It’s Not His Fault
Yesterday I started talking to Charlie about how he will be going to a new school. He looked at me, blinking a bit. "It's not your fault," I said. My mind ran over the numerous procedural and other errors—some noted in my letter to the Superintendent—that got things to this point. So much, too much.
A few minutes later, I heard the sounds that mean, Charlie's telling us he's upset, confused, sad, puzzled that the pieces of the world as he knows it aren't fitting together so much that it would make anyone's head hurt. I ran to him and stood across from him. Keeping my words minimal and my voice low and loving, I talked about how feeling, well, upset, confused, sad, puzzled is just as he should be feeling. About how we know Charlie did his best in school, tried his hardest. About how much we love him and we're always with him. About how we'll try everything we can to make the new school ok.
Charlie stood straight and tall where he was and cried.
Behind Jim and me doing all that we could to make Charlie's current placement work is our memories of how traumatized Charlie was four years ago when things were falling apart in his public school classroom in another town in New Jersey. We took him out of school then and homeschooled him and, after a few days, he knew this isn't right, I should be in school!, and was very, very upset. Fortunately we were able to find a (private) placement for him in just a few weeks and Charlie became vigilant about being in school, to the point of seeming distressed about vacations and weekends.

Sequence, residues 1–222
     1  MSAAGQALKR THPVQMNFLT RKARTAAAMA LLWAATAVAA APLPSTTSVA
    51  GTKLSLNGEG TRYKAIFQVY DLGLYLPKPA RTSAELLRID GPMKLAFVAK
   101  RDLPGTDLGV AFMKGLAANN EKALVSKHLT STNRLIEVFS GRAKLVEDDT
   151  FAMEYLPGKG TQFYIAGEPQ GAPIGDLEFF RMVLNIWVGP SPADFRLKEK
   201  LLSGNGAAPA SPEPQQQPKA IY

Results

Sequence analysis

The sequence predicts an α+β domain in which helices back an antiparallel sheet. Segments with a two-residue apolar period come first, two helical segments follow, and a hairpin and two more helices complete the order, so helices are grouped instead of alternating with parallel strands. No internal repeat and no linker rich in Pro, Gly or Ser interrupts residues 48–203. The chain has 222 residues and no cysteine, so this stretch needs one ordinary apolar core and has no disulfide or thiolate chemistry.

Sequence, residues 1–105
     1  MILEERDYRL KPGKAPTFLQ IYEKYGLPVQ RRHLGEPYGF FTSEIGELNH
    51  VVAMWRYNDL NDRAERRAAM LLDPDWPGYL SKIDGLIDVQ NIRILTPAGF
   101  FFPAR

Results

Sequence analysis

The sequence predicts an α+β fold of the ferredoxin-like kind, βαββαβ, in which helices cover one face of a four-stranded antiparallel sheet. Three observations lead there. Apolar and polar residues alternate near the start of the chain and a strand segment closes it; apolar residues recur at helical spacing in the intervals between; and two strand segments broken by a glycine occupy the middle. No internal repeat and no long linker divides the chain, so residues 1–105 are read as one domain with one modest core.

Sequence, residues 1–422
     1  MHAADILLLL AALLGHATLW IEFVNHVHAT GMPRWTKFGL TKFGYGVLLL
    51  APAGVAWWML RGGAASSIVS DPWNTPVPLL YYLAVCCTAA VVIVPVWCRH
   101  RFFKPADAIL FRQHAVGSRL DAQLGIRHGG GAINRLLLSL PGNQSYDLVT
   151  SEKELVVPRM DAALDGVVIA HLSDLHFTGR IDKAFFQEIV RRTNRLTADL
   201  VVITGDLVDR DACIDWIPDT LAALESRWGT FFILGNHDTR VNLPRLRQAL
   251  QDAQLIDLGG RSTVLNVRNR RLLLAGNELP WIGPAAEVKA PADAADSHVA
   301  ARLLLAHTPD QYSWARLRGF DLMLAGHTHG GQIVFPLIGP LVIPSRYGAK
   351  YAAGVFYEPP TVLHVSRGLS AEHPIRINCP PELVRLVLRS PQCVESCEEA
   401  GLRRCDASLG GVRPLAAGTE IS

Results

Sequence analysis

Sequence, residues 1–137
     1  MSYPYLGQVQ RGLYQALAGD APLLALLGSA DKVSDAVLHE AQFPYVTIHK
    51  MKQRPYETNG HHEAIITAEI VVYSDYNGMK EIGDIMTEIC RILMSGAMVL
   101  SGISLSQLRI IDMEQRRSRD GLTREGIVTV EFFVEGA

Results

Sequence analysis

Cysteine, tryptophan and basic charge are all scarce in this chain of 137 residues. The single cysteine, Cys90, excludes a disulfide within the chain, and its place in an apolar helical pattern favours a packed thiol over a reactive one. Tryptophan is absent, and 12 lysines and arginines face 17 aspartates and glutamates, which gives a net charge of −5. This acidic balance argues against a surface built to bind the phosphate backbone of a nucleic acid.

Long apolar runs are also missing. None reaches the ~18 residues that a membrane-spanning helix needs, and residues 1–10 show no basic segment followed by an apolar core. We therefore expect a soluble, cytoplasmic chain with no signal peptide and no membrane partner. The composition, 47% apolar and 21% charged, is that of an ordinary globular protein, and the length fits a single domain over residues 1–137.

Jim and I wondered, did he think he was being punished in November of 2005, that he couldn't go back to school? And is Charlie thinking this now in October of 2009—that his having to leave his current school and go somewhere else is all his fault?
Sunday, once Charlie's crying had become suppressed sniffles, we got into the car and got some groceries (with an eye to what to put in his lunchbox: in the midst of troubles, one must still eat). Charlie dug through some boxes to find one particular brand of brownie mix and asked me to make them soon as we got home. He microwaved himself a plate of fries while the brownies were baking.
Jim had been talking about kayaking and, soon as Charlie had put his plate in the sink and washed his hands, he asked to put on his swimsuit. Jim loaded up the kayak, I got the paddles and seats, and Charlie moved the bikes out of the way. We drove to a local (not too deep) river and Jim launched the kayak while Charlie took off his black shoes and squished his socks inside them. He got himself into the kayak by sitting down on his derrière and shimmying to the edge of a stone wall until both his feet were in the kayak. Jim waved and Charlie kept his eyes on the water.
I skipped down the bank behind some trees to watch them from a point up the river and all the way I could hear Jim singing a phrase from "We Love You Charlie" and the theme song of The Courtship of Eddie's Father.
They kayaked up and down the river, which was only a few inches deep at one point. They came eye to eye with a deer. Jim talked to some other kayakers who told him that they could paddle all the way up to a certain state road (one of those New Jersey highways with only a divider inbetween four lanes of fast-moving traffic and every possible chain store represented at some point or other). The sun shone warm and bright and for the rest of the day we assured Charlie that he's doing good, and that things in the near future will be different, but still all right.
And, that it's all not his fault.